Attribute-Oriented Programming

What I really want to do is to leave any references to StatusManager out of our code altogether and simply tag the method with our message. I can then use either code-generation or run-time introspection to do the real work. The XDoclet Project refers to this as Attribute-Oriented Programming, and provides a framework which can convert custom Javadoc-like tags into source code.

However, with the inclusion of JSR-175, Java 1.5 has provided a more structured format for including these attributes inside of real code. The attributes are called "annotations" and they can be used to provide metadata for class, method, field, or variable definitions. They must be declared explicitly, and provide a sequence of name-value pairs that can contain any constant value (including primitives, strings, enumerations, and classes).


To hold our status message, I'll want to define a new annotation that contains a string value. Annotation definitions look a lot like interface definitions, but the keyword @interface is used instead of interface and only methods are supported (though they act more like fields).

public @interface Status {
    String value();

Like an interface, I will put the @interface in a file named Status.java, and import it into any other files that need to reference it.

value may seem like a strange name for our field here. Something like message might be more appropriate; however, value has special meaning to Java. This allows us to declare annotations as @Status("...") rather than @Status(value="..."), as a shortcut.

I can now define my method as follows:

@Status("Connecting to database")
public void connectToDB (String url) {

Note that to compile this code I needed to use the -source 1.5 option. If you're using Ant (as our code samples do) rather than building a javac command line directly, you'll also need Ant 1.6.1.

In addition to classes, methods, fields, and variables, annotations can also be used to provide metadata for other annotations. In particular, Java comes with a few annotations that can be used to customize how your annotation works. Let's redefine our annotation as follows:

public @interface Status {
    String value();

The @Target annotation defines what the @Status annotation can reference. Ideally, I would like to mark up arbitrary blocks of code, but the only options are methods, fields, classes, local variables, parameters, and other annotations. I'm only interested in code, so I choose METHOD.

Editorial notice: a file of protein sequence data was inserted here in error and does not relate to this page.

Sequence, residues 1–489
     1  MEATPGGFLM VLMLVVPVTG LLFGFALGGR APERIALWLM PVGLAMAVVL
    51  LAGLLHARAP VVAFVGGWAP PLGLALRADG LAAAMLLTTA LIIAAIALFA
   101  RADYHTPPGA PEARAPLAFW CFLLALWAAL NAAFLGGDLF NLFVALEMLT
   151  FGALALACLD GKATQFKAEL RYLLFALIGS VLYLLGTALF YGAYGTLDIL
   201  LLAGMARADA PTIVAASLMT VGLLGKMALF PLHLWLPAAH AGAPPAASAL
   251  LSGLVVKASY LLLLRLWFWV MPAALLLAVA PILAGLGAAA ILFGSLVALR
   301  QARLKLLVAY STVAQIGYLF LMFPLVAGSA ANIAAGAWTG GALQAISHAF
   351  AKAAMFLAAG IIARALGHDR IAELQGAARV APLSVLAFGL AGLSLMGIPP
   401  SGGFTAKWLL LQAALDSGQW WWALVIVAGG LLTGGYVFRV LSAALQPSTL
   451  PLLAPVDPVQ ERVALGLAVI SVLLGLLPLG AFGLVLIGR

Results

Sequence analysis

The @Retention annotation allows us to specify when Java is free to discard this information. It can be either SOURCE (discard when compiling), CLASS (discard at class load time), or RUNTIME (do not discard). Let's start with SOURCE, but I will need to upgrade it later.

Instrumenting Source Code

Now that my messages are encoded in metadata, I'll need some code to notify the status listeners. Let's assume for the moment that I continue to store my connectToDB method in source code control without any references to StatusManager. However, before compiling the class, I want to add in the necessary calls. That is, I want to insert the try-finally statements and the push/pop calls automatically.

The XDoclet framework is a source code generation engine for Java that uses annotations similar to those described above, but stored in Java source code comments. XDoclet works very well for generating entire Java classes, configuration files, or other build artifacts, but does not support the modification of existing Java classes. This limits its usefulness for instrumentation. Instead, I could use a parser tool like JavaCC or ANTLR (which comes with a grammar for parsing Java source code), but that requires a fair amount of effort.

There seems to be no good tool available for doing source code instrumentation of Java code. There may be a market for such a tool, but as you will see in the rest of this article, bytecode instrumentation can be a much more powerful technique.